Protein Secretion in Chlamydia
Agathe Subtil and Richard D. Hayward
from: Chlamydia Biology: From Genome to Disease (Edited by: Ming Tan, Johannes H. Hegemann and Christine Sütterlin). Caister Academic Press, U.K. (2020) Pages: 151-176.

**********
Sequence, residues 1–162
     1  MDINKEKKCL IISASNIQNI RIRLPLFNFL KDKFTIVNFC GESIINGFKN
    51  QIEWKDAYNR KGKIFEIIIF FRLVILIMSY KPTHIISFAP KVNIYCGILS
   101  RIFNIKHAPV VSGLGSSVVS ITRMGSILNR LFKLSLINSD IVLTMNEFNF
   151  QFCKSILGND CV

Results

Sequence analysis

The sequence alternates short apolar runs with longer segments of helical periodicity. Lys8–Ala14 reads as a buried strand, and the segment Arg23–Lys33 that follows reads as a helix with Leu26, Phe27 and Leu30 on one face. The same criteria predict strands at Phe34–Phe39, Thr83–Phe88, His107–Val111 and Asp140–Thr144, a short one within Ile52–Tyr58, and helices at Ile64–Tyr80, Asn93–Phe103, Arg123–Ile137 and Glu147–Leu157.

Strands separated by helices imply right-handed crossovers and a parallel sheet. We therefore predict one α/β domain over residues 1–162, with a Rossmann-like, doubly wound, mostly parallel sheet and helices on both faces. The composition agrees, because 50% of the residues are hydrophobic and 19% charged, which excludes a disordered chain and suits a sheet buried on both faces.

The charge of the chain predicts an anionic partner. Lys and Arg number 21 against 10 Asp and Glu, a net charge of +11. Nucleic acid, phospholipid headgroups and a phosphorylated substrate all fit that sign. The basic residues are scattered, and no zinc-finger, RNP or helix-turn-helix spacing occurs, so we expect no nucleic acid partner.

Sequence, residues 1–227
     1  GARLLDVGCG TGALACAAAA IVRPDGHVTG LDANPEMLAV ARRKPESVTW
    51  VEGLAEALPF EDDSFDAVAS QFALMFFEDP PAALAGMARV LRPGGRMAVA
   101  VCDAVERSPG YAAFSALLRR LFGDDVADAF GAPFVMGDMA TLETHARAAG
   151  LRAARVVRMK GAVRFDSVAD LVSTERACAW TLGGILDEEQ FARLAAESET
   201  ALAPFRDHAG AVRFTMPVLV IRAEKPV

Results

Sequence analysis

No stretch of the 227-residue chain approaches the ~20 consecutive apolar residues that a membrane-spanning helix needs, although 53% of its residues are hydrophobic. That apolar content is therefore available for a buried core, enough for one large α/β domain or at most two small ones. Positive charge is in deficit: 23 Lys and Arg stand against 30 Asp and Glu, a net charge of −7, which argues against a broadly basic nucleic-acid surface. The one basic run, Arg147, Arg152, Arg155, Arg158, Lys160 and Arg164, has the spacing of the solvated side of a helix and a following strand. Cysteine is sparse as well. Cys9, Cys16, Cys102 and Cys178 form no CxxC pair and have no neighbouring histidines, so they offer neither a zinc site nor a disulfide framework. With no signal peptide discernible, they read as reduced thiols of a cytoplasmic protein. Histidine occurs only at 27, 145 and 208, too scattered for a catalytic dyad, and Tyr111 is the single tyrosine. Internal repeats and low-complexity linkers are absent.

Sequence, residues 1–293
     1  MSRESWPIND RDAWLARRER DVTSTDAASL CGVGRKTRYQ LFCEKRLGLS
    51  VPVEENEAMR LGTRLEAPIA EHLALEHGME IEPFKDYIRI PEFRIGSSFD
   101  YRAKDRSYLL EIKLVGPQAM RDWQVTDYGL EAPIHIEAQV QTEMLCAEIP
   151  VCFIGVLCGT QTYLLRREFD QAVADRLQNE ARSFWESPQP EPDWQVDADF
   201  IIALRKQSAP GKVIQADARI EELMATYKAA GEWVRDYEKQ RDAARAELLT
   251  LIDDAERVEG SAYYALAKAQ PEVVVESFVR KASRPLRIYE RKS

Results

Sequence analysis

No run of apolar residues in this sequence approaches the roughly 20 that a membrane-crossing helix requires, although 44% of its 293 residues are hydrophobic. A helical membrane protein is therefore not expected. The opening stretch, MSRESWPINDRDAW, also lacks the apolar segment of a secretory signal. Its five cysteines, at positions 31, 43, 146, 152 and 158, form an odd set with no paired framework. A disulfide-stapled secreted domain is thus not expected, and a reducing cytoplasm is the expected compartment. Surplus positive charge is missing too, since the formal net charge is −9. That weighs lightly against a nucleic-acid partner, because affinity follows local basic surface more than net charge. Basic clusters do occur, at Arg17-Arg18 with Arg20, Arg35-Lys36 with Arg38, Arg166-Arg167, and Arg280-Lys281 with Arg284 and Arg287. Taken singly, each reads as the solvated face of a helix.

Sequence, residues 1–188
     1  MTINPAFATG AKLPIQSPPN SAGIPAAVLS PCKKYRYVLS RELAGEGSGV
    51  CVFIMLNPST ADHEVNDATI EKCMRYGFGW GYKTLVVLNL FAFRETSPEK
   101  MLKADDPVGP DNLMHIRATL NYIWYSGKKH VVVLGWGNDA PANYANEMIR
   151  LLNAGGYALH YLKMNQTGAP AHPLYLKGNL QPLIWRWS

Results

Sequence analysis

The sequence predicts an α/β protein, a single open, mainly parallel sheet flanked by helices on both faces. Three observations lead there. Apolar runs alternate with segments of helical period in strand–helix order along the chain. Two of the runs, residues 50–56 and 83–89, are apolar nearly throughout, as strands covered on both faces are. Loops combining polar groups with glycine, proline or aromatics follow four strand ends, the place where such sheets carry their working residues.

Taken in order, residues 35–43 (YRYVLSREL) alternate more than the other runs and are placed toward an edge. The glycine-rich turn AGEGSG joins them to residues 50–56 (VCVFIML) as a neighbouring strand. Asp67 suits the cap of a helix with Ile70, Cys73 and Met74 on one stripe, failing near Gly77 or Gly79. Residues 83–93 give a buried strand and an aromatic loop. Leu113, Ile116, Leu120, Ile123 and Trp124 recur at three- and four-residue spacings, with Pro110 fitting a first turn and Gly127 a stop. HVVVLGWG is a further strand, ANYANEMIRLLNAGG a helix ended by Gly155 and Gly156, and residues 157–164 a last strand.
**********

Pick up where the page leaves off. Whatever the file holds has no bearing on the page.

Protein secretion is fundamental to microbial physiology and underlies virulence-associated processes including adhesion, invasion, intracellular replication and the delivery of exotoxins. Protein secretion is key to the interaction with the environment, and is thus an essential feature of the biology of the Chlamydiaceae, which interact with a eukaryotic host throughout their developmental cycle. Here we review the mechanisms of secretion relevant to the pathogenesis of the Chlamydiaceae. The major secretion pathways are described, including the current knowledge of the structure, mechanism and function of the associated macromolecular machineries. Specifically, we review the role of the type 2, 3 and 5 secretion pathways in the interactions between these bacteria and their host cell, and we discuss the emerging role for vesicles released from the outer membrane of the intracellular reticulate bodies. We review how new genetic techniques and chemical inhibitors have advanced our understanding of the contribution of different secretory pathways to the infection process and allowed the definitive identification of secretion substrates. We also discuss how state-of-the-art imaging has contributed to further understanding the structure and mechanism of the associated macromolecular machineries. We consider the future opportunities for translating this knowledge into the development of vaccines, novel antimicrobials and diagnostic tools, and discuss the implications beyond the field of chlamydial research read more ...